Location: Washington, US
The EOD units from the US Navy are responsible for responding to any type of ordnance, and they receive specialized training on how to handle improvised, chemical, biological and even nuclear weapons.
Navy EOD works closely with the Special Operations Command (SOCOM) and are classified as Navy Special Operations.
The EOD technicians investigate and demolish natural and man-made underwater obstructions, prepare coastal regions for amphibious landings, warn about potential threats – both in the United States and abroad. Ultimately, their job is to ensure the secure disposal of explosive weaponry.
The Navy teams provide assistance to other areas of the armed forces, such as the Marines, and Army, as well as to the Navy. They also work with elite units within SOCOM, Federal Law Enforcement, Secret Service, other agencies within the Homeland Security Department as well as US foreign allies around the world.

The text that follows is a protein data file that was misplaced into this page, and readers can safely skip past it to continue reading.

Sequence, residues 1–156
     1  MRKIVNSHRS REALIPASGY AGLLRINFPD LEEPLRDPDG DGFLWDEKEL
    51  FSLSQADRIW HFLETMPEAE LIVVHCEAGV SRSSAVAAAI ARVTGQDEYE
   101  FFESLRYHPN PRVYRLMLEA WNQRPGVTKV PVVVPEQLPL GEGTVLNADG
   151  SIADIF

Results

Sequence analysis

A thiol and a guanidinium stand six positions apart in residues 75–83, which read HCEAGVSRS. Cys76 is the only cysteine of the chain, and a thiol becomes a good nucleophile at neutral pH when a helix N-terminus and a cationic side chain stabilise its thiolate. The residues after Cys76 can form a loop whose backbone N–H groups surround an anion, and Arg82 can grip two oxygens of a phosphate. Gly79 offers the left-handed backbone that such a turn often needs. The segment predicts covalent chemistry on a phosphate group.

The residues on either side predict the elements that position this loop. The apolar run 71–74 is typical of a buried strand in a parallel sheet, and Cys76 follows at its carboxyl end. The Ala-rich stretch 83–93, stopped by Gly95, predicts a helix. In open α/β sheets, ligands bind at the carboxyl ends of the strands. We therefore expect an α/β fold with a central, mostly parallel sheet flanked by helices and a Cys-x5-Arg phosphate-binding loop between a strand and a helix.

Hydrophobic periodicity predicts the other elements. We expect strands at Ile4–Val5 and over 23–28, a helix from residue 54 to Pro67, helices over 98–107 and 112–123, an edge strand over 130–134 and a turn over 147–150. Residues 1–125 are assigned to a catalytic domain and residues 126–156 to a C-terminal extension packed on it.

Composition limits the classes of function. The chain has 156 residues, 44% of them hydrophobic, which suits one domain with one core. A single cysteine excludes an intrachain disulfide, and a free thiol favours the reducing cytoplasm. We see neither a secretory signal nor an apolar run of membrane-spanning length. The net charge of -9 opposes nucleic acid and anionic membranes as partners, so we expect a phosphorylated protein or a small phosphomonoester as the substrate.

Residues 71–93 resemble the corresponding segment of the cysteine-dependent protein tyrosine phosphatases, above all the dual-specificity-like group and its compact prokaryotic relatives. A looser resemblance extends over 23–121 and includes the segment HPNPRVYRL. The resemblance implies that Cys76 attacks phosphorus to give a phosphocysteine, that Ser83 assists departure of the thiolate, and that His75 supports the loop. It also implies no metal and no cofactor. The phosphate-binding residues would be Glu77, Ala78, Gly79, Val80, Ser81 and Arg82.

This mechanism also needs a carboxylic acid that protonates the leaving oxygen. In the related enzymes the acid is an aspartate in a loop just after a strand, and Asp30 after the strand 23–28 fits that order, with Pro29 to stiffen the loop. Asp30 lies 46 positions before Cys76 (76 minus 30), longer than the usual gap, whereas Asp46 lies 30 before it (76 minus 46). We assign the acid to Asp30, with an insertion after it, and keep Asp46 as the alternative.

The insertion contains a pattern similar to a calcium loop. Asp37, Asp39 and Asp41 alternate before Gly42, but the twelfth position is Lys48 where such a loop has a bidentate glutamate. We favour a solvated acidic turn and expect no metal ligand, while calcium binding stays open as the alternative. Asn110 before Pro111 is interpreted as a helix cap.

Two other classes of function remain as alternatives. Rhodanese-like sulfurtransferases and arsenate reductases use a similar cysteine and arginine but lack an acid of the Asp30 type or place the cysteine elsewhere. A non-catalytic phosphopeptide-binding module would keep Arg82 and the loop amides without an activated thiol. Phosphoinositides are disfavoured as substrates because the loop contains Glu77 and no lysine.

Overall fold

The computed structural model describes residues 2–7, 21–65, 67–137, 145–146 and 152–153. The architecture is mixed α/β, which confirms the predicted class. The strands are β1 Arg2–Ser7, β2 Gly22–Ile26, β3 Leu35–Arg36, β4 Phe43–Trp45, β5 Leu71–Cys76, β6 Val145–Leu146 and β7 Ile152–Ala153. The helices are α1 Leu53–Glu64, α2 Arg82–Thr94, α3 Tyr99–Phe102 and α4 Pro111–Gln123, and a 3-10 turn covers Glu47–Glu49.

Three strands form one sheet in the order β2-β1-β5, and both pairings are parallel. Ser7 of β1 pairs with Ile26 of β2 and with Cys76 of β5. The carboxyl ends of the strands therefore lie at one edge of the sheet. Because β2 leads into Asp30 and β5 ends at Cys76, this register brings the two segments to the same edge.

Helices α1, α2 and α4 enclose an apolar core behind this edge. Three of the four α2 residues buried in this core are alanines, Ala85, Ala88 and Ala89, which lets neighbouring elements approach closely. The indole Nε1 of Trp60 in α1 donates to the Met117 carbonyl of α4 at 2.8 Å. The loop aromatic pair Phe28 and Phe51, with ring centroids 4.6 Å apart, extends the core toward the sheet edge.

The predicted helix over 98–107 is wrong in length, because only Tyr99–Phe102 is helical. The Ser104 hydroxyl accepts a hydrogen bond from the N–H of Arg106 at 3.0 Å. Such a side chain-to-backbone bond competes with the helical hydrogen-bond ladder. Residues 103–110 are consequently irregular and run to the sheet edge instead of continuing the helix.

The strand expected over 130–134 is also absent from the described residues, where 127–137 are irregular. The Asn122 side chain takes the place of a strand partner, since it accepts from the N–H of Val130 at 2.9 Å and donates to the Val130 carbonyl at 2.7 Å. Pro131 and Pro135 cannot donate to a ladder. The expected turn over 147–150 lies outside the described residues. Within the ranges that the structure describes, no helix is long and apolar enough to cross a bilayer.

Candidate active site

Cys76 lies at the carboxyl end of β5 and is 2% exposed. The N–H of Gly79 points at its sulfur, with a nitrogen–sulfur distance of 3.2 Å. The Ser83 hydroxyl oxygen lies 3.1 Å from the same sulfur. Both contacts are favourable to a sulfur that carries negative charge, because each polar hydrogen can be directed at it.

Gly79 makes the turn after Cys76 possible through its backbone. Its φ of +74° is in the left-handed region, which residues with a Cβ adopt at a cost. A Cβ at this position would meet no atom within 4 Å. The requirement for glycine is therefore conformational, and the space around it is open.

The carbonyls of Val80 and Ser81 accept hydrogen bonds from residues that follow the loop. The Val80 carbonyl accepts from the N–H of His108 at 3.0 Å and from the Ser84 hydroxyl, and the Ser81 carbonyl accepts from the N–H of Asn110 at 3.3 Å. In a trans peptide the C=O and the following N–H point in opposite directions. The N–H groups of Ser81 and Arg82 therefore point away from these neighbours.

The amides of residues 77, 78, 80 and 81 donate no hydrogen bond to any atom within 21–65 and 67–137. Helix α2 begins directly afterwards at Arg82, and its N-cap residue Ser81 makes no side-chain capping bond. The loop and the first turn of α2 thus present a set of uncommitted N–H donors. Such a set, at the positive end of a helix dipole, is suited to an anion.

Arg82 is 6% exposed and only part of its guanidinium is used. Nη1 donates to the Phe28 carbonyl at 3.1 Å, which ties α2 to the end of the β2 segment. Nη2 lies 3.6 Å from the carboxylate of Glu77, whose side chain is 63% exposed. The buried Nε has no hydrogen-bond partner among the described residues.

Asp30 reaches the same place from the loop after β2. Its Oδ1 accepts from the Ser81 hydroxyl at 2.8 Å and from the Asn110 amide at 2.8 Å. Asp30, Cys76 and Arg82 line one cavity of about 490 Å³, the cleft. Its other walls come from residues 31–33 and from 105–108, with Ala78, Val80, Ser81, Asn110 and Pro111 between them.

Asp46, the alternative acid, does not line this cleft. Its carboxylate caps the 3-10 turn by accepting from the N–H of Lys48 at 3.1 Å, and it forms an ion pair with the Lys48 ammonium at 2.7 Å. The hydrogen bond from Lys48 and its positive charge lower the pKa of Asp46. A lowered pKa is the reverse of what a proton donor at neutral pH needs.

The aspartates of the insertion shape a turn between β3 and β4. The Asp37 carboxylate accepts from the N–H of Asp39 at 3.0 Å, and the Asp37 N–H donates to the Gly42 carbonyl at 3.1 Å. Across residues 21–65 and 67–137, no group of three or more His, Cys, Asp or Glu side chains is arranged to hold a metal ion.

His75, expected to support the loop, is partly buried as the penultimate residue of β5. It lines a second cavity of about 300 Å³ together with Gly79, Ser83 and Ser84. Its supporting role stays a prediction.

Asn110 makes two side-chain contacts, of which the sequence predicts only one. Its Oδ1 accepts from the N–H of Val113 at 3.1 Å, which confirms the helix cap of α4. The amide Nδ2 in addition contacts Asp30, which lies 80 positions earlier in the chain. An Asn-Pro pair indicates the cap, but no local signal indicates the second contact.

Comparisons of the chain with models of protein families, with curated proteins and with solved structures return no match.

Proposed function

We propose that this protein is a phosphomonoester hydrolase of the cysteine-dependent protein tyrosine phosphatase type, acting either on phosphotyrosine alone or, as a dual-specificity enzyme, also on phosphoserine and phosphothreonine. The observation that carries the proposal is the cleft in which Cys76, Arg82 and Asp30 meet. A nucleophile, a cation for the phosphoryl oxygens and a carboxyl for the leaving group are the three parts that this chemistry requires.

Their work may consist of checking piers for IEDs prior to groups pulling into port, or providing the C-IED capability on combat patrols.
They also have expertise in post-blast investigations and conduct research in order to better respond to the IED threat and develop mechanisms with which to tackle them. The EOD technicians are trained in some of the most up-to-date C-IED technology and techniques.
The EOD teams were deployed as part of the Combined Joint Special Operations Task Force – Afghanistan (CJSOTF-A). As part of the operations in Afghanistan the Navy delivered strategic and tactical recommendations to the Special Forces officers in Afghanistan, to ensure soldiers conducted safe operations, even in the most heavily IED saturated part of Afghanistan. They would analyse IED attack data to implement C-IED tactics.
The units were also involved in operations in Iraq, Somalia, Haiti, Bosnia and Kosovo.
This profile is part of AOAV’s investigation into counter-IED (C-IED) actors around the globe. To see the list of all C-IED actors recorded by AOAV, see here. To see those engaged in the Middle East, the Sahel, North Africa or other highly impacted countries please see here, here, here, and here respectively. This research was made possible by funding from the NATO Counter Improvised Explosive Devices Centre of Excellence (C-IED COE). To read the full report, ‘Addressing the threat posed by IEDs: National, Regional and Global Initiatives’, see here.
Did you find this story interesting? Please support AOAV's work and donate.